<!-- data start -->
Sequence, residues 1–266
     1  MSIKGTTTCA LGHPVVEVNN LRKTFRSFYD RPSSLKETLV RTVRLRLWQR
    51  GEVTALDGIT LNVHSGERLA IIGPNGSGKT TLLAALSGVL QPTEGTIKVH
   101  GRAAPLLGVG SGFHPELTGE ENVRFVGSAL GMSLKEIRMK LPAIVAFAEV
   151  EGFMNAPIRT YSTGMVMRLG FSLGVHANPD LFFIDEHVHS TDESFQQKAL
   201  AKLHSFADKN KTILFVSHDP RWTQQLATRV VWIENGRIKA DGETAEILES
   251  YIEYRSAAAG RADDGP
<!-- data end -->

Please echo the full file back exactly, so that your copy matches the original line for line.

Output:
Sequence, residues 1–266
     1  MSIKGTTTCA LGHPVVEVNN LRKTFRSFYD RPSSLKETLV RTVRLRLWQR
    51  GEVTALDGIT LNVHSGERLA IIGPNGSGKT TLLAALSGVL QPTEGTIKVH
   101  GRAAPLLGVG SGFHPELTGE ENVRFVGSAL GMSLKEIRMK LPAIVAFAEV
   151  EGFMNAPIRT YSTGMVMRLG FSLGVHANPD LFFIDEHVHS TDESFQQKAL
   201  AKLHSFADKN KTILFVSHDP RWTQQLATRV VWIENGRIKA DGETAEILES
   251  YIEYRSAAAG RADDGP